Google has started an open-source project for a PDF software library, which developers will be able to incorporate into applications designed for a variety of platforms.
The Chrome browser is mostly open source code, but parts of it have been closed for licensing reasons, such as Adobe Systems' Flash plugin and a plugin for PDF files, wrote Peter Kasting, senior software engineer for Chrome's user interface team.
"With PDFium, one of those major moving parts is now open as well," Kasting wrote. "This is great for a lot of reasons. It reduces the number of closed pieces of Chrome, and thus the surface area for which people can be suspicious that we're doing something shady."
A crucial part of the library, the rendering engine, was developed by Foxit Software, which said it will help support the project, hosted on Google Code. Foxit Software specializes in creating products around the PDF standard.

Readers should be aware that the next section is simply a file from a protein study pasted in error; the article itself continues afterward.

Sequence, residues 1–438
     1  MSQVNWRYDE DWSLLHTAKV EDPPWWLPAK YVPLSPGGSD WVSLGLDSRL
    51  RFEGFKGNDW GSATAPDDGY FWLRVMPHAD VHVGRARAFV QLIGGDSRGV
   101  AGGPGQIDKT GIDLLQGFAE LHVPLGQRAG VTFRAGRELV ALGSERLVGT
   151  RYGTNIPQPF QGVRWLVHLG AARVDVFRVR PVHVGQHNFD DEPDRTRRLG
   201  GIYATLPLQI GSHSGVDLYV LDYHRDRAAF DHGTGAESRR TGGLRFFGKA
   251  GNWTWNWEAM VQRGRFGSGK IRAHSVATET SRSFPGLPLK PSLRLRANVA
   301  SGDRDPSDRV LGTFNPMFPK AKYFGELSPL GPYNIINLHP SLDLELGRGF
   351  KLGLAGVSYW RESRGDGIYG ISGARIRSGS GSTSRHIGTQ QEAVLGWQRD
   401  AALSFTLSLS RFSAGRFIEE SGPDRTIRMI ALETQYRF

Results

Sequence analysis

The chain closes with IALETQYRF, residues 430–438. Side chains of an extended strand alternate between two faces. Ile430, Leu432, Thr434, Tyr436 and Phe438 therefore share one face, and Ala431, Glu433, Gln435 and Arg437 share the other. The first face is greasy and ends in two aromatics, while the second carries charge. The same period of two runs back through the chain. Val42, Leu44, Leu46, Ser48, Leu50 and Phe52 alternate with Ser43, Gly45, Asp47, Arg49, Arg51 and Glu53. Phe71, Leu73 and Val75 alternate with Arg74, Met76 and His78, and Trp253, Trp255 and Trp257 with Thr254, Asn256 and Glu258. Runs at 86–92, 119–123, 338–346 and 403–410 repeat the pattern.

Kasting wrote that Foxit's component is "almost certainly the highest-quality PDF engine available in the open-source world, and can now serve as a reference for other projects." Redditors have been discussing the implications of the project for about three weeks after someone saw the project appear on Google Code.
The code will carry a BSD-3 clause software license. That allows developers to modify and redistribute the code with a proper copyright notice.
Kasting ended his post with: "Now if we could just open-source Flash..."
Send news tips and comments to email@example.com. Follow me on Twitter: @jeremy_kirk
Join the CIO Australia group on LinkedIn. The group is open to CIOs, IT Directors, COOs, CTOs and senior IT managers.